Rather than immediately thinking of our Islamic neighbors who are always ready to kneel with a prayer mat at the appropriate time and in the middle of an airport if necessary, we would do well to ask ourselves a few diagnostic questions to evaluate our true motive in prayer.


The first diagnostic question is this: Do I pray more frequently in public than I do in private?

In addition to prayer meetings, and church services, a teacher might be expected by her position in a Christian school to start each class off with prayer, or a father might be expected by his position in a Christian family to lead in prayer before meals, or with the children in preparation for bedtime. If these public prayers are the sum total of our conversation with God throughout a normal day, it may be indicative that our prayers are more of an act than an act of faith.


Another diagnostic question we ought to ask is: Do I use the same language when I pray with others or by myself? Sincere prayers, even when prayed in the presence of others, are conversations with the Lord of Hosts. Certainly, we want to pray respectfully. We have also learned that scripturally-centered prayers are particularly valuable, but are we overly concerned to “sound spiritual” by using more theological jargon, or adopt more reverent-sounding language such as “thee’s and thou’s” when praying with others, than we would use if we were praying on our own? If so, our hearts may be more focused on elevating our status in the community rather than exalting the Lord.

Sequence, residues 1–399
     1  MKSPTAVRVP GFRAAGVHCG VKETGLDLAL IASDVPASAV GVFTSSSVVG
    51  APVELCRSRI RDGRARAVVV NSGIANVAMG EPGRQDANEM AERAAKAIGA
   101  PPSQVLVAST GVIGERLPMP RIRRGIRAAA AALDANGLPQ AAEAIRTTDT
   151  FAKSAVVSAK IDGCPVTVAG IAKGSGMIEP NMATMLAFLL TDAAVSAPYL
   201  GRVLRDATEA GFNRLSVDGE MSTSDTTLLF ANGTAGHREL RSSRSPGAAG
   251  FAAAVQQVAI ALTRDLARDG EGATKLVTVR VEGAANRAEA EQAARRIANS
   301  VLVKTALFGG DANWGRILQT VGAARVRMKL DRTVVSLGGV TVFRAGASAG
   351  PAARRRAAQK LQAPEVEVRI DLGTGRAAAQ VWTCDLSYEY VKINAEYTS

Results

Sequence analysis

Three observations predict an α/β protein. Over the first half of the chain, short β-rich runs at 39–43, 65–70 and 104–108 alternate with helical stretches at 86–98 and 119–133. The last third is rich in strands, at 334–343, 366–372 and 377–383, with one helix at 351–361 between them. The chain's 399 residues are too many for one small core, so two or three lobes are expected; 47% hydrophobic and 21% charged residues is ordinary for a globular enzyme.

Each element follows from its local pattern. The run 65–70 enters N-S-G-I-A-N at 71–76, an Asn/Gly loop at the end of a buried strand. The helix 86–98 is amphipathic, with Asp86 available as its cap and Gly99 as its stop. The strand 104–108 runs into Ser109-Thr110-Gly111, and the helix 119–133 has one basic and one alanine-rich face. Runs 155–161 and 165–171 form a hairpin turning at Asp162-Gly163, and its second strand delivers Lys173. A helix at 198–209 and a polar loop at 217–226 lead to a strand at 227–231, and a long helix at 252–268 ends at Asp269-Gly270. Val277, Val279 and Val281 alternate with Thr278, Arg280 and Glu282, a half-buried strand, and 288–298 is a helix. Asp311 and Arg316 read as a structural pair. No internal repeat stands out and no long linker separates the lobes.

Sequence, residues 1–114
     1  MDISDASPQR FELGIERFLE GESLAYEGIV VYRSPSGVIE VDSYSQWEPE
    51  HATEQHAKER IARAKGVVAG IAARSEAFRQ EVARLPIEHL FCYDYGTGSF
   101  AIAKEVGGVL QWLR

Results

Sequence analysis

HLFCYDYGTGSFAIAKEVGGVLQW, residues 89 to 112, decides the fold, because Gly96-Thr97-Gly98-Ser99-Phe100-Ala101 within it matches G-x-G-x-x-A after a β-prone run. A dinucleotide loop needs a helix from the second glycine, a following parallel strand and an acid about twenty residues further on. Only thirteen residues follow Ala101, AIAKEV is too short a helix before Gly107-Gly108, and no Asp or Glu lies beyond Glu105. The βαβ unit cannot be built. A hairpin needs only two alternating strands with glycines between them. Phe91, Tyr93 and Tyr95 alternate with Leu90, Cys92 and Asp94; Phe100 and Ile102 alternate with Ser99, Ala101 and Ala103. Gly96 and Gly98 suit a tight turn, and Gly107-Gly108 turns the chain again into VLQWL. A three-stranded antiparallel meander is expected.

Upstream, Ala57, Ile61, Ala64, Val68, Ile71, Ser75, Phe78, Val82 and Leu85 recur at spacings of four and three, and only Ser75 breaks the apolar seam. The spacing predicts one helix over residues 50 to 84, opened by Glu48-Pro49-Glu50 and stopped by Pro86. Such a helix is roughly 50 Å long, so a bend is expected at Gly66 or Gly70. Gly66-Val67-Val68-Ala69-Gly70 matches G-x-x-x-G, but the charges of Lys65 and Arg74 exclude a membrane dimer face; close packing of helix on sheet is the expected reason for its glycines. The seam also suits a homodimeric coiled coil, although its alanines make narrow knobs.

Finally, one must ask: Why is it that I will not pray in public? It is just as likely that an individual who does NOT publicly pray is equally self-focused as the one who does so hypocritically. In speaking of an inner chamber, The Lord does not forbid public prayer. In fact, he expects and commands praying with other believers elsewhere in Scripture (Acts 1:24, 3:1, and 4:24 for example), so the presence of witnesses is not the primary issue. Neither is the location. Synagogues are mentioned right alongside the street corner and, while praying in the street seems particularly “showy”, Jesus never would have thought it improper to pray at a public gathering in the synagogue. His clear purpose is to critique those whose primary audience is the crowd and whose primary goal is maintaining or increasing their own spiritual reputation. Is it to protect ourselves that we avoid speaking to the Lord with others? For fear of saying something incorrectly or being judged? If so, then who is the true audience?


Kent Hughes warns that this is not the struggle of a mere few especially hardened individuals, but that it reveals just how entrenched sin is in all of us. He's right to grieve that-


“in the ultimate spiritual activity we can in one moment be on our knees in prayer pouring out our soul to God in worship, only to have the prayer just as suddenly dissolve into preoccupation with self.”


But while we grieve, we should also lean into Christ even more as our Righteous Savior and rejoice that prayer isn't supposed to be that hard. Talking to our Heavenly Father should be as easy and natural as a conversation with any other trusted friend. Whether leading a small group to ask the Lord for wisdom before a Bible Study, putting your hand on a needy shoulder and crying out for grace in that life, or sitting in solitude with an open Bible, praying out loud the words of the text, He must be our audience.